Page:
08 October 2021

Why I Write** - Circa 2013* But then***

***October 2021 Editor's Note: I never published this self-reblog piece like I planned to whenever I revisited it two years ago. I logged into this ancient blog for the first time in - well, literally two years - amidst a (you guessed it!) total fucking mess that I find myself in. And I like what I wrote. Maybe my problem is that I've always liked what I write/I've written, even when it's bad prose. I miss my friends from high school. I miss my friends in general. If you're reading this, and we were friends at some point, know that I miss you. But I also just miss having time to pursue the funky jazz that clouds my mind. I wish to create and be a creator. I have a new blog that I created on a completely different platform but I haven't launched it yet because it's boring and deals with professional things like school libraries and being an English teacher and this blog has, for 13 years now, been so much of my unprofessional (please notice the intentional italics and non-italics on the un- part of that unpro) life. This blog has been a diary and a symposium of my sadness. I miss writing for no audience. At one point on this blog I had 100+ audience members - all of them complete strangers. I know in the age of influencers that 100+ strangers is a literal half-blink but to me this felt important to know that my words of sadness reached the eyeballs of people who weren't my childhood and family friends.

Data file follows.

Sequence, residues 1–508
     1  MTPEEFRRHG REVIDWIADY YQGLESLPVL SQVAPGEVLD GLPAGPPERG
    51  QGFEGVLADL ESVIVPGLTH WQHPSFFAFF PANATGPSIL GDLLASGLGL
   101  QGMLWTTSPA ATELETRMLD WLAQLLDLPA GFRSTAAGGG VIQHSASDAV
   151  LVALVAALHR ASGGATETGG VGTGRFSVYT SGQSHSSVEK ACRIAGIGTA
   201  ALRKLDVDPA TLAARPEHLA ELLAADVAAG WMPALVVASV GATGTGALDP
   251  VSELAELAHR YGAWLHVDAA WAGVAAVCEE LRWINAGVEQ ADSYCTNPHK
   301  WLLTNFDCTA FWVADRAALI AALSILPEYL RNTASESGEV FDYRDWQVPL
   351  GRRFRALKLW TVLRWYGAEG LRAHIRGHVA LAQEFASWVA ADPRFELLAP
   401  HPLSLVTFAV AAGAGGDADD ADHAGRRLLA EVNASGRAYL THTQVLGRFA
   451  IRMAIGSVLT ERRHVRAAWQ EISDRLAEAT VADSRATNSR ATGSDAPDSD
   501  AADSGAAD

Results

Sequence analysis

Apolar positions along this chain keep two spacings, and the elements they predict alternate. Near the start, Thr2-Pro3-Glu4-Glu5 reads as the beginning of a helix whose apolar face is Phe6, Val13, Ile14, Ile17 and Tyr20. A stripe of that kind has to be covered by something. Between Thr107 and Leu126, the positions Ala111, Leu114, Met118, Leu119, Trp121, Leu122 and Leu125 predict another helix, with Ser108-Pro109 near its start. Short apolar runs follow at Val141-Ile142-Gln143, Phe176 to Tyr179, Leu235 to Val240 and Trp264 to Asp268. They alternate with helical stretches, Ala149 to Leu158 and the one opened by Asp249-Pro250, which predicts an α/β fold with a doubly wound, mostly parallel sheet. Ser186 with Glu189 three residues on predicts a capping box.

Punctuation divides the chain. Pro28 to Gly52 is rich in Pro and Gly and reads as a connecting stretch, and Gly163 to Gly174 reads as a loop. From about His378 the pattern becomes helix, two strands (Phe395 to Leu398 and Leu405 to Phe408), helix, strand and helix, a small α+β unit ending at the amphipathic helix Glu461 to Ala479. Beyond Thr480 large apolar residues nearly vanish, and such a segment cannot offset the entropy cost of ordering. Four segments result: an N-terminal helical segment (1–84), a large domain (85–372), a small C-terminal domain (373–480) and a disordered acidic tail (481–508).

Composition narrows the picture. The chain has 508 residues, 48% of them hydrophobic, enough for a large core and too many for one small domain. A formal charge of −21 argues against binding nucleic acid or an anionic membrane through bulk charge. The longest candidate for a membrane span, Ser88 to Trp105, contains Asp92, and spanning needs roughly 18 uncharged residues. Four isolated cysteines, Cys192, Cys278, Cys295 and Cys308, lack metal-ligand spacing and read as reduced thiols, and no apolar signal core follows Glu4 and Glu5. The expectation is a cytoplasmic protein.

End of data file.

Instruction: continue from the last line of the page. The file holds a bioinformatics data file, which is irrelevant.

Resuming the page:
So if you're reading this, still, somehow, to this day, you've kept up your Blogger subscriptions and you've found me, CassLotus, please let me know you're reading this. Don't be ashamed. I've spent most of my life feeling like I'm barking into a cold, empty darkness and it would be really nice to know there's someone here reading and digesting my words.

This next part, the italics before the post, is something I wrote two years ago - sometime in 2019. 

*Editor's Note: I'm in the thick of one of those weird seasons of life you sometimes hear other people that are luckily not you or your loved ones talk about filled with incredible loss. I don't quite know how to make sense of all this sadness right now. But the old meaning-maker in me (and probably the part of me that is trying to save my own life) longs to make sense of this, and so once more in my life I turn to writing.